Posted on October 29th, 2009 2 comments
A 1929, 51-room mansion by architect Addison Mizner is now dust and memory. It is reported to be the last home designed by the man who is credited with shaping the lasting legacy of Palm Beach estate living, and it is definitely one of the few Mizner’s outside the state of Florida.
In the mid-1990s, I came to know about Addison Mizner from the book Kiss Hollywood Good-by, by Anita Loos. She had an unconsummated passion for Wilson Mizner, the ultimate raconteur rapscallion (my favorite quote from him: “All of us are born with traits like optimism, faith and loyalty. Just don’t deny them for the hollow pretense of being ‘smart.’ “), but her stories about brother Addison inspired me to research his work:
He made a fortune as an architect by providing the rich with fake Spanish haciendas. He erected the most elaborate palazzi without any schooling in architecture. On one job, Addison omitted a staircase and was forced to pretend it was intentional; a flight of steps running up the outside was more artistic. As a side line, Addison operated a factory in West Palm Beach where he manufactured “antiques.”
That led to the book Florida Architecture of Addison Mizner, a picture book that conclusively proves that one man’s fantasy is another man’s social prestige.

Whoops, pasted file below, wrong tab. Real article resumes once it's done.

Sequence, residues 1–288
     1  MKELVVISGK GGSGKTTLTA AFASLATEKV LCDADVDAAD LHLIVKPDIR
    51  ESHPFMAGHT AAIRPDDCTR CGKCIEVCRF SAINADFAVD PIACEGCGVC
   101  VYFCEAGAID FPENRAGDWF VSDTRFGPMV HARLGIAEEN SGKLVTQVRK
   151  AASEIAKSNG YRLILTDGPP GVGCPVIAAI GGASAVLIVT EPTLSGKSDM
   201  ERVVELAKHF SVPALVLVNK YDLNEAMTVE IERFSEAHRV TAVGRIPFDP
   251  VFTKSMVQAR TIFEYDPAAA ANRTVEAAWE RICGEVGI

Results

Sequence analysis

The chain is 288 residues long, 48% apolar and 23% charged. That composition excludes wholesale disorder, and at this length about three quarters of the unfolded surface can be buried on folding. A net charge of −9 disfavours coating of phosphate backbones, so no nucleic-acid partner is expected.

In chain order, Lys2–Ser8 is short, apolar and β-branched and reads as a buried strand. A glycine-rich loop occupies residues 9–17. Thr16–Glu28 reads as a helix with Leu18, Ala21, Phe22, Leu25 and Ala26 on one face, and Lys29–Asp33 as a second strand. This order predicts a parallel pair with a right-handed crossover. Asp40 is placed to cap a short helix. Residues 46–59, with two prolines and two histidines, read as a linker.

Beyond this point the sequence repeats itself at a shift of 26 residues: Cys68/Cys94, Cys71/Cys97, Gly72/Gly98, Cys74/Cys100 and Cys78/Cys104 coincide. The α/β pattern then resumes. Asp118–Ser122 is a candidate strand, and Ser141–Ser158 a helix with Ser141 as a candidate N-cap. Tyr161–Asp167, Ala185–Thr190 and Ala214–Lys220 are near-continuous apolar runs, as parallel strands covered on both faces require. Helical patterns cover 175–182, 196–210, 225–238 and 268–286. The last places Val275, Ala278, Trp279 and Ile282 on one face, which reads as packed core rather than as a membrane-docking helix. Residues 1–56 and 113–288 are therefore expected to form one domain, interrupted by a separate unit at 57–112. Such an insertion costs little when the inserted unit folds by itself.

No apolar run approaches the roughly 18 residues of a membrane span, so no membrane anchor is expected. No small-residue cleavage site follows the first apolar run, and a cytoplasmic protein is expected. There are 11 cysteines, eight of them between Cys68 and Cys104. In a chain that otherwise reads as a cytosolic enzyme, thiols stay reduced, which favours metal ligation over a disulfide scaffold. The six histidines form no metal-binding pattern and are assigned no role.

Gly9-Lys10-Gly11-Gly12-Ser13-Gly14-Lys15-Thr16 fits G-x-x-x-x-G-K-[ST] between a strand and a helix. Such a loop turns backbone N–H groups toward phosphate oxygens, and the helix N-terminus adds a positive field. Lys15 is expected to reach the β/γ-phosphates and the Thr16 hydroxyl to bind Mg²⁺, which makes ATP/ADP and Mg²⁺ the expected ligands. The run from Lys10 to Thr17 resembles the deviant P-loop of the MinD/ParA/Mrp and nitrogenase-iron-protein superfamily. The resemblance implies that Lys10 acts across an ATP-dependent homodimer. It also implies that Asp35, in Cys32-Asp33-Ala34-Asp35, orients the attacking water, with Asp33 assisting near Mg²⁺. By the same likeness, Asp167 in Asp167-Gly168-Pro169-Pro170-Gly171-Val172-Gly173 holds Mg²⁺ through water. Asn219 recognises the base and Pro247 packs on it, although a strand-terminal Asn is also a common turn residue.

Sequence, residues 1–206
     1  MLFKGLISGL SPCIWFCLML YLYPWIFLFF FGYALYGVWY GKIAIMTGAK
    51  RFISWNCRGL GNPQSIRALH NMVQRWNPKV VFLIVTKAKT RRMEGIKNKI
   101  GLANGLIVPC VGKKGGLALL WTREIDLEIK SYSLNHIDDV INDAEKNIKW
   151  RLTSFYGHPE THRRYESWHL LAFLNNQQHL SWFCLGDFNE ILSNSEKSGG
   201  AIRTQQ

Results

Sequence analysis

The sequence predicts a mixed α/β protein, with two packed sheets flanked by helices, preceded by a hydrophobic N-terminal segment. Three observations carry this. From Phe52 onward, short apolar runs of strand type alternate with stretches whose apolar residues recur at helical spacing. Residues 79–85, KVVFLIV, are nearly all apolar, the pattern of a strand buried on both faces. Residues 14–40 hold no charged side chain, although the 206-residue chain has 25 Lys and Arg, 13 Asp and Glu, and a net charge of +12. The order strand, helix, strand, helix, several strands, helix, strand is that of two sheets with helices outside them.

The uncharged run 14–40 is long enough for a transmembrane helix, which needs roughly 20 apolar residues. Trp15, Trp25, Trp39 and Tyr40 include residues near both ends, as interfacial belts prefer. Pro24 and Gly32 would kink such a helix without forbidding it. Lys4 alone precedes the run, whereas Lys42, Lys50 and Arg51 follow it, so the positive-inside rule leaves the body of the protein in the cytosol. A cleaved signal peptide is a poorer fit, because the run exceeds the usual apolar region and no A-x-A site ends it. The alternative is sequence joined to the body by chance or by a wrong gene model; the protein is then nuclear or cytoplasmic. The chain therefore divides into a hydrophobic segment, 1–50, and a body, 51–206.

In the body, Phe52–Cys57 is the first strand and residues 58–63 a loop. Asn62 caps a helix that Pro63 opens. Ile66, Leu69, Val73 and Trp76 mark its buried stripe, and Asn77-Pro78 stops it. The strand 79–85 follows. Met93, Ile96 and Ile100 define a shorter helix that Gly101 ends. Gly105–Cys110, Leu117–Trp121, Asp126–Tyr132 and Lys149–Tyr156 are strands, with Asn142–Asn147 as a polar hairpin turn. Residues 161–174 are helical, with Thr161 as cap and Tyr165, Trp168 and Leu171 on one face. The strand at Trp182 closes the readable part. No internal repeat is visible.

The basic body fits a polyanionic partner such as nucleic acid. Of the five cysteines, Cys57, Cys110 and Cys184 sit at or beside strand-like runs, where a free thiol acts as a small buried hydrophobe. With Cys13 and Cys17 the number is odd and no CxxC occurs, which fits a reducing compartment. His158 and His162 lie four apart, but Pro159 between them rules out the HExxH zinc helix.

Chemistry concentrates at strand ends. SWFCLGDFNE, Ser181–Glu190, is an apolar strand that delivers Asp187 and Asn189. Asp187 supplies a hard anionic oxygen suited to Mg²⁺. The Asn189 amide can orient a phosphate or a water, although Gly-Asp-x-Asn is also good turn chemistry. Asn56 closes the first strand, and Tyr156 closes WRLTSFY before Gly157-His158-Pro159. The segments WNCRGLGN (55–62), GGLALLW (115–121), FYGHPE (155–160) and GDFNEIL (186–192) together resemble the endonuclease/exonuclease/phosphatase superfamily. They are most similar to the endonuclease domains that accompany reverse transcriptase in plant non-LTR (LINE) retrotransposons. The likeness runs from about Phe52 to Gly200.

Mizner’s mansions were florid, overheated interpretations of Spanish villas, Hollywood drama tarted up as history for the newly rich who were craving instant heritage. Revivalism was a popular form of American residential architecture, and Addison just pumped up the kitsch, the square footage and the selling price. He was a self-taught architectural hustler who created a pretend Europe in Florida, something I love and admire. Luckily, the folks who still covet his homes in Florida feel the same way, so his legacy is secure.
I guess the colder climes of Pennsylvania robbed Joseph Kestenbaum of the whimsy a Mizner inspires, and he’s been such an ass during this saga that I can imagine a Scrooge-like visitation of 3 ghosts to his bedside… and Addison would be the Ghost of Villas Past, eyes twinkling with happy disbelief that his greenback PA folly of long-ago has inspired such deep emotions in this day and age.
2 Responses to “The Folly of a Tear Down”
Bryan A. Hollerbach October 29th, 2009 at 6:23 AM
Ah, Anita Loos–! “A kiss on the hand may be quite Continental–”
Lovely place, alas. Turrets improve any landscape, in my opinion. But then, I’ve always wanted my own Scottish castle. (British castles tend to be overly prim. Gimme something two mailboxes down from Sir Henry Baskerville.)
that is so sad. and what is going to go up in its place will probably be some cheap looking McMansion thing!